It was a big weekend for the volunteers who help the National Weather Service keep tabs on snowfall.
When a blizzard hits Long Island, the weather service can't be everywhere, so its meteorologists rely on a multilayered system of observers to fill in the gaps. Sunday gave many of them the chance to report the highest snow totals since they signed up.
Weather service meteorologist Brian Ciemnecki in Upton said the top of the information-gathering pyramid is the agency's two "climate sites:" Its own facility at Brookhaven National Laboratory in Upton and Long Island McArthur Airport in Ronkonkoma.
Staffers take observations every few hours with plastic or wood "snowboards," lightly colored boards about 2 feet square, or "snowsticks," rulers marked in 10th of an inch gradations. They stick them on hard surfaces in several spots free of drifting snow, then average the measurements.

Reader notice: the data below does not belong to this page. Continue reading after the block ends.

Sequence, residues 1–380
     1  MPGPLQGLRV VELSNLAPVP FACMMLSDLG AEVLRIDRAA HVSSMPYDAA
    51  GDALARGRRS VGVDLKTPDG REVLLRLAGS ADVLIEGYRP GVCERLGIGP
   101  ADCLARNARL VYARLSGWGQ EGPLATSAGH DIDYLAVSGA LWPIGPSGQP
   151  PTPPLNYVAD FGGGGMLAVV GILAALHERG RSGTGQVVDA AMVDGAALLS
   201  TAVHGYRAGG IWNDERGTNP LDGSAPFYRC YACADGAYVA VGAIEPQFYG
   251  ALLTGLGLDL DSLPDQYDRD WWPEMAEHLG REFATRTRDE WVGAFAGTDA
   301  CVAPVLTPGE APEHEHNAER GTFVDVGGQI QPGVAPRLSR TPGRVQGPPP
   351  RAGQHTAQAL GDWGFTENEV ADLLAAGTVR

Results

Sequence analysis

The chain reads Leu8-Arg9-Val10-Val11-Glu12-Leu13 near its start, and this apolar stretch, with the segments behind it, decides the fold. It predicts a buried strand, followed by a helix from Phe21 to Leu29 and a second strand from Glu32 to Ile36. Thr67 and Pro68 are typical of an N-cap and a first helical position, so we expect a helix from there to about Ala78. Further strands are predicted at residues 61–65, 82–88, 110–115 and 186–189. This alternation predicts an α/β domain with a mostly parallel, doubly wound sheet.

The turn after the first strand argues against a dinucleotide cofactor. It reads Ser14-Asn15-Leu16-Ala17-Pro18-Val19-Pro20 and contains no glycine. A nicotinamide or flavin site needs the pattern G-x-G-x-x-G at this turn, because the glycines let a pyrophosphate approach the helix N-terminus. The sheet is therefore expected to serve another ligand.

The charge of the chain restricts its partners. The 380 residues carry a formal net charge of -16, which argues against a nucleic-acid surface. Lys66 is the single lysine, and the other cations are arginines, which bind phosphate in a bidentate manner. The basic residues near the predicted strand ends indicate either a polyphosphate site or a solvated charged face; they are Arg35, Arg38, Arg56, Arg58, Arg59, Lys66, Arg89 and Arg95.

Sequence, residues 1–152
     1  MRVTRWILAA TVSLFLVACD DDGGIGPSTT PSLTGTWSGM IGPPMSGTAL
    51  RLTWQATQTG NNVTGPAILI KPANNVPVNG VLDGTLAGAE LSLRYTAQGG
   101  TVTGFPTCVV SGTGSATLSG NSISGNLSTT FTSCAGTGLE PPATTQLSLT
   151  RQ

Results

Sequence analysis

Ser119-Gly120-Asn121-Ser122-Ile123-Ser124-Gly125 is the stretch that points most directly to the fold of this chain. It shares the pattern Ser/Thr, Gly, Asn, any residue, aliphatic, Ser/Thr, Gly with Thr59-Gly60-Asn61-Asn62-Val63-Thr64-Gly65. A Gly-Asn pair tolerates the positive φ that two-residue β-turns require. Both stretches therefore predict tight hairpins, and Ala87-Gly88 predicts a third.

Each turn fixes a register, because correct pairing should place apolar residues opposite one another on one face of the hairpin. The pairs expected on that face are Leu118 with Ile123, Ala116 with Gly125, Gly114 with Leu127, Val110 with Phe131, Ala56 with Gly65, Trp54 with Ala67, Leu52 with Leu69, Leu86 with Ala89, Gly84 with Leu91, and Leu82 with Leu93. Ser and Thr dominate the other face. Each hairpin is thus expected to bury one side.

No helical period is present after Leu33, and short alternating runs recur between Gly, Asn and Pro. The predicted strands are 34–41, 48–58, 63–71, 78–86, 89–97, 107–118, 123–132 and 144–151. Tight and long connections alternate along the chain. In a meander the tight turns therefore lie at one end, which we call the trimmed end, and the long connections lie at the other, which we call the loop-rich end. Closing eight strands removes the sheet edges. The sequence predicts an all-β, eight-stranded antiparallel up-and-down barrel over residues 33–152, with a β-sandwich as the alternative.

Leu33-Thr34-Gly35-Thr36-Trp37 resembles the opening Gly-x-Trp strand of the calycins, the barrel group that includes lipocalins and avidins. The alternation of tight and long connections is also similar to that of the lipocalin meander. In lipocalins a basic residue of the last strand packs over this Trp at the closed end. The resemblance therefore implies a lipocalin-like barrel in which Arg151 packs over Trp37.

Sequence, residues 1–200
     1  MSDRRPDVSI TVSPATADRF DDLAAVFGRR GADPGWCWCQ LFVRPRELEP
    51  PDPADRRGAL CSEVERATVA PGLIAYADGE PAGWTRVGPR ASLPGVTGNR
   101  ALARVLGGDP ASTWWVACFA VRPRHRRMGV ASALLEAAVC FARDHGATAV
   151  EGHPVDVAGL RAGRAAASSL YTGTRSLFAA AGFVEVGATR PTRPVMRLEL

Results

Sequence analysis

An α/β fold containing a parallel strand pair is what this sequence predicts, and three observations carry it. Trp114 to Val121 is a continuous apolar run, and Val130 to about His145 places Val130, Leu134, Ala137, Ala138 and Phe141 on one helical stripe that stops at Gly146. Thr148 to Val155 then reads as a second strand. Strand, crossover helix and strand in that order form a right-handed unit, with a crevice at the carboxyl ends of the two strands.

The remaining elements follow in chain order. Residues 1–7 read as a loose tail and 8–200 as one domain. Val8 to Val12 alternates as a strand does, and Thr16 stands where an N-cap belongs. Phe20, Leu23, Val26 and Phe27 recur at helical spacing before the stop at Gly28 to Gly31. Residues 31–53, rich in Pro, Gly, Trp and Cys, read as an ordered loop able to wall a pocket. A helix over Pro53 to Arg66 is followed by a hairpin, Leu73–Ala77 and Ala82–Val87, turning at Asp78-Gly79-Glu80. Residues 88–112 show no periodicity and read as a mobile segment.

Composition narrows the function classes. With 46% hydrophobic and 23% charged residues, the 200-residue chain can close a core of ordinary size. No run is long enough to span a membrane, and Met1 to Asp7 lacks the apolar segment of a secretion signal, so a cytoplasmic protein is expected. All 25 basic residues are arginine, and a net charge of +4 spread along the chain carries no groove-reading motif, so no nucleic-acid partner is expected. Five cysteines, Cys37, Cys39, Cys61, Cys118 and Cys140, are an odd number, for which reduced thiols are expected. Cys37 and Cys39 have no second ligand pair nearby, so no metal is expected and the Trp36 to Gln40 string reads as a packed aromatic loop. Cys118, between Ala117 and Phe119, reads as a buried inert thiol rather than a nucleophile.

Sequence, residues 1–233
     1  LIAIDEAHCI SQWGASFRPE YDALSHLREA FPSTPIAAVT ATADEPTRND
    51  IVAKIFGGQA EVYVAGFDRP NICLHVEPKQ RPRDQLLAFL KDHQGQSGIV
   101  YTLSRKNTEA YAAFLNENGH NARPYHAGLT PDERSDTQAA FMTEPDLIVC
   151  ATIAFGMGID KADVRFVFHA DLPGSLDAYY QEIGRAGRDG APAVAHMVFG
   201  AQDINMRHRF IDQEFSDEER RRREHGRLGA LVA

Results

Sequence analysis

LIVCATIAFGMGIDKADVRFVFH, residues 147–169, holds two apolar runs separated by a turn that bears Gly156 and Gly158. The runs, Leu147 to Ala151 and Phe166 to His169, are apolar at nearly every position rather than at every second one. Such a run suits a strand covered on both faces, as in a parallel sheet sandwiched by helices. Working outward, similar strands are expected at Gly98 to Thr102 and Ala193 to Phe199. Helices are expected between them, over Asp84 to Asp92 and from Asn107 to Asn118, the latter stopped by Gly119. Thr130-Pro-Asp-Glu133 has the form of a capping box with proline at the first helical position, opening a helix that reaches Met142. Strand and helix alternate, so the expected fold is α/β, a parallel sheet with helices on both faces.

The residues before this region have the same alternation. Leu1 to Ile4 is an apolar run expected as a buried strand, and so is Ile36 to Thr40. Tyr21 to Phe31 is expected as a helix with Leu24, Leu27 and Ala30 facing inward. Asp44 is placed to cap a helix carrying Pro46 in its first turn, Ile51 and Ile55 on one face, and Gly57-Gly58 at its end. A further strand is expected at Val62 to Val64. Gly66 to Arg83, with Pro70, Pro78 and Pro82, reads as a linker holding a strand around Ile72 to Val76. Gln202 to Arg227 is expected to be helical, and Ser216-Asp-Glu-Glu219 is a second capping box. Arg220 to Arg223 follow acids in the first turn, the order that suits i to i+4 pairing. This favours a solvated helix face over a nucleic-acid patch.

Besides the two official sites, the weather service relies on more than a dozen "cooperative observers" who are trained by the agency to report temperature and precipitation every morning.
The observers are augmented by a network of 500 "Skywarn spotters," agency-trained volunteers who supply only snow and rainfall data, either by phone or Internet.
Bruce Gronich of Plainview, a Skywarn spotter for several years, also coordinates about 60 of the Nassau County volunteers who are also ham radio operators. Gronich, who works on the technology side of the finance industry, got involved because he is part of a ham radio network and had become a weather expert when he was a private pilot.
During the weekend storm, Gronich said he measured the snowfall every three hours at his home until the accumulation reached 15.2 inches - the deepest he's recorded.
"It was pretty exciting," he said. "It's also exciting to be in touch with the meteorologists at Upton when it's going on."